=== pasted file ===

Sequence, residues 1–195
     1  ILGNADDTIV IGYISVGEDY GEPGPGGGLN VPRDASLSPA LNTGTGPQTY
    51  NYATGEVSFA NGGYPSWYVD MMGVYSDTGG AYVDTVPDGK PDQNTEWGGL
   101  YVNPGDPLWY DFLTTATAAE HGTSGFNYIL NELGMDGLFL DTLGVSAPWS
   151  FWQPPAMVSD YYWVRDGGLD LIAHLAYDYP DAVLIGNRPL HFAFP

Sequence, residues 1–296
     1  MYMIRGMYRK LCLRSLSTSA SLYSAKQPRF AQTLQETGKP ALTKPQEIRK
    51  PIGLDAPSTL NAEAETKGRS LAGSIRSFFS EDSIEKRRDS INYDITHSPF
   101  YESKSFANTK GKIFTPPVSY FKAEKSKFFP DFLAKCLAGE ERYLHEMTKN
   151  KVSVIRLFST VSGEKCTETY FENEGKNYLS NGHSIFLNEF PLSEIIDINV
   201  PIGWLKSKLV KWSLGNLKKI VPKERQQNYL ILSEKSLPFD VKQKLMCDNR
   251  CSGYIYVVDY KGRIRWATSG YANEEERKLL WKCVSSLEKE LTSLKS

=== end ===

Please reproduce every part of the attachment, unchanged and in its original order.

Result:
Sequence, residues 1–195
     1  ILGNADDTIV IGYISVGEDY GEPGPGGGLN VPRDASLSPA LNTGTGPQTY
    51  NYATGEVSFA NGGYPSWYVD MMGVYSDTGG AYVDTVPDGK PDQNTEWGGL
   101  YVNPGDPLWY DFLTTATAAE HGTSGFNYIL NELGMDGLFL DTLGVSAPWS
   151  FWQPPAMVSD YYWVRDGGLD LIAHLAYDYP DAVLIGNRPL HFAFP

Sequence, residues 1–296
     1  MYMIRGMYRK LCLRSLSTSA SLYSAKQPRF AQTLQETGKP ALTKPQEIRK
    51  PIGLDAPSTL NAEAETKGRS LAGSIRSFFS EDSIEKRRDS INYDITHSPF
   101  YESKSFANTK GKIFTPPVSY FKAEKSKFFP DFLAKCLAGE ERYLHEMTKN
   151  KVSVIRLFST VSGEKCTETY FENEGKNYLS NGHSIFLNEF PLSEIIDINV
   201  PIGWLKSKLV KWSLGNLKKI VPKERQQNYL ILSEKSLPFD VKQKLMCDNR
   251  CSGYIYVVDY KGRIRWATSG YANEEERKLL WKCVSSLEKE LTSLKS